Legion leads call for fixing GI benefits for Guard, Reserves
The American Legion led a contingent of more than a dozen veterans service organizations, which called for the Senate to approve legislation that would give National Guard troops and Reservists quicker access to Post-9/11 GI Bill benefits.
The requirements are “as straightforward for active duty as they are circuitous for Reserve and National Guard servicemembers at least 90 days of honorable service on ‘active duty,” says the letter, which was sent to the leaders of the Senate Veterans’ Affairs Committee, Sen. Jon Tester, D-Mont., and Sen. Jerry Moran, R-Kan.
“While active component servicemembers earn GI Bill eligibility for every day in uniform, Guard and Reserve servicemembers only earn this eligibility through a narrow band of orders across a wide array of mobilization authorities.”
In reality, Guard and Reservists can be activated for weeks or months, serving alongside active-duty troops, without gaining eligibility for education benefits, the letter explains.
It calls for the Senate to pass the legislation before the end of its current session. The House has already passed H.R. 1836, the Guard and Reserve GI Bill Parity Act. The Senate Veterans Affairs Committee has approved S.2644, the Guard, Reserve, and Active-Duty Department of Veterans Affairs Educational Assistance Parity (GRAD) Act.
American Legion National Commander Vincent “Jim” Troiola reiterated the call for immediate action.
“Every day of military service requires some degree of risk and sacrifice,” Troiola said. “When National Guard members and Reservists don the uniform for training and drills, they are subject to the UCMJ (Uniform Code of Military Justice) and the dangers that are inherent with using weapons, aircraft and war-fighting equipment. Yet incredibly, much of their service is disregarded when it comes time to use their GI Bill benefits. The American Legion believes this is a slap in the face to our citizen warriors, many of whom have exceeded this threshold only to have most of their ‘service days’ uncounted.”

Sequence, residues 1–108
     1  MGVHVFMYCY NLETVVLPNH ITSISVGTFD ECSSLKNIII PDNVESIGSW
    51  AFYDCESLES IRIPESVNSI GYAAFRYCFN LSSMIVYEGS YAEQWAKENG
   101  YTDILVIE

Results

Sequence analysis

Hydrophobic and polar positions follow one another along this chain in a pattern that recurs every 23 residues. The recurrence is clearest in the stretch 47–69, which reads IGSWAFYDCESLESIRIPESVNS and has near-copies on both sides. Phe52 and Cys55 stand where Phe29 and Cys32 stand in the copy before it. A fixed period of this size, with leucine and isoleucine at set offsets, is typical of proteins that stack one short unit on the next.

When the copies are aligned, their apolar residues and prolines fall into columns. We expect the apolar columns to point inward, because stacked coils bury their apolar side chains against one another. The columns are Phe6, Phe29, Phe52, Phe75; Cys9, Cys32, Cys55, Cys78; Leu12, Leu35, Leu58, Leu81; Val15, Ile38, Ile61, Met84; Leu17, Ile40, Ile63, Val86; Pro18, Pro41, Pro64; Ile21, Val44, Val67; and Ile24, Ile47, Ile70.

Troiola knows first-hand the commitment and sacrifices of Reservists.
“The National Guard and Reserves provide vital service to America,” said the U.S. Navy and Navy Reserves veteran, who served from 1969 to 1974. “The American Legion believes that the men and women who serve in these branches deserve the same GI Bill benefits as their active-duty counterparts. The American Legion fully supports GI Bill parity for the Guard and Reserve.”
Several weeks after the letter was sent, The American Legion participated in a roundtable discussion on Capitol Hill on Dec. 13.
“We can never repay the debt we owe to the National Guard for what they’ve done for us over COVID,” said John Kamin, a legislative associate in the Legion’s Washington, D.C., office. “But we can honor their service.”
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